We take a look at a few more inspriring Charlottes as the Royal baby's name is finally revealed...
Phew, what a bank holiday weekend! After days of speculation, bets and arguments, sanity was restored to the UK. Just two days after the newest member of the royal family was born, her hotly anticipated name was finally revealed: ‘The baby will be known as Her Royal Highness Princess Charlotte of Cambridge.’
Welcome to the world, baby Charlotte!
It is believed that William and Kate named their new daughter Charlotte after her grandfather, Prince Charles. But whilst the name Charlotte has many royal links – including Queen Charlotte who was married to George III in 1761 – we couldn’t help but compile a list of five incredible and influencial Charlottes who the Princess now joins.
Writers, feminists, activists, actors and musicians: the Princess is joining a pretty amazing line-up of women. Welcome to the exclusive club, Princess Charlotte!
Let’s take a look at just a few Charlottes who share the royal baby’s beautiful name…
1. Charlotte Gainsbourg
I know where my limits are and that I always have to push myself.’
She puts a capital C on cool. Daughter of French crooner Serge Gainsbourg and English actress – and ultimate style icon – Jane Birkin. Following in both parents’ footsteps, Charlotte not only acts (she’s starred in an eclectic mix of traditional period dramas such as 1996 adaptation Jane Eyre as well as subversive films which include Lars Von Trier’s ‘Antichrist’ and ‘Melancholia’) but also sings (Charlotte has release four studio albums in total).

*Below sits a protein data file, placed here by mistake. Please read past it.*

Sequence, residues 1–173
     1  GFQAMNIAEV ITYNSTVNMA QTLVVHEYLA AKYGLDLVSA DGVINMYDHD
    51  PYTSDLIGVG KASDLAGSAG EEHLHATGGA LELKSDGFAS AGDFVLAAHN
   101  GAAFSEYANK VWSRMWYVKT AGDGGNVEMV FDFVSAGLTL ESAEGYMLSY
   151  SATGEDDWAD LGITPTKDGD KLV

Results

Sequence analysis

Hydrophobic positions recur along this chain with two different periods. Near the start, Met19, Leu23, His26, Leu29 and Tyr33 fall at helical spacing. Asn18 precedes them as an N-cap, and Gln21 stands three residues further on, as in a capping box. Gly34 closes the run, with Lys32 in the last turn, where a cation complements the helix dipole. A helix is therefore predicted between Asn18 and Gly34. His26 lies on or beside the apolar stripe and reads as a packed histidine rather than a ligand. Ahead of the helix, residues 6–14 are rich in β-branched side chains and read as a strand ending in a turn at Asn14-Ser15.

As unconventional as she is beautiful, this is one Charlotte who marches to the beat of her own drum.
2. Charlotte Perkins Gilman
‘There is no female mind. The brain is not an organ of sex. Might as well speak of a female liver.’
American feminist, sociologist and novelist, Charlotte Perkins Gilman fought for the rights of women at a time when social reform was low on the political agenda.
It may only be a 6,000 word novella, but in writing The Yellow Wallpaper, Charlotte Perkins Gilman set in motion a feminist theology that was way ahead of its time in 1892 when it was published in The New England Magazine. Unsurprisingly, it is still considered a key feminist work in 2015.
3. Charlotte Bronte
‘I avoid looking forward or backward, and try to keep looking upward.’
Namesakes don’t really get any more iconic than Charlotte Bronte, a writer whose work still tops the bookseller charts over 150 years after her death.Though she only wrote four novels, her 1847 classic Jane Eyre is now widely regarded as a feminist masterpiece, and her life continues to fascinate. Charlotte’s quiet, steely resolve to break gender boundaries gives her name the kind of strength of spirit all baby girls should be born with.
4. Charlotte Hawkins Brown
‘External constraints must not be allowed to segregate mind or soul.’
Although we may not have heard a great deal of Charlotte Hawkins Brown in the UK, her dedication to education and humanitarian work in the US makes her a powerful figure in recent American history. Born in 1883, in North Carolina, Charlotte was nationally active in improving opportunities for African Americans. The first African American woman named to the national board of the YWCA, she was also a vocal feminist and founder of the Palmer Memorial Institute in North Carolina.
5. Charlotte Rampling
‘I generally don’t make films to entertain people. I choose the parts that challenge me to break through my own barriers.’
Frankly, who doesn’t have a crush on Charlotte Rampling? Over the years, Rampling has seduced us on the big screen in an edgy line-up of provocative films – in English, Italian and French – such as 1974’s The Night Porter, 1969’s The Damned and 2003’s The Swimming Pool. Shattering any traditional ideas of what beauty is, Charlotte has become a timeless icon – and has done so on her own terms. Charlotte isn’t just for the 1960s, she’s as relevant as she ever was.
And if you’re looking for even more girls’ names inspiration, head to our celebrity gallery here. Too. Many. Choices.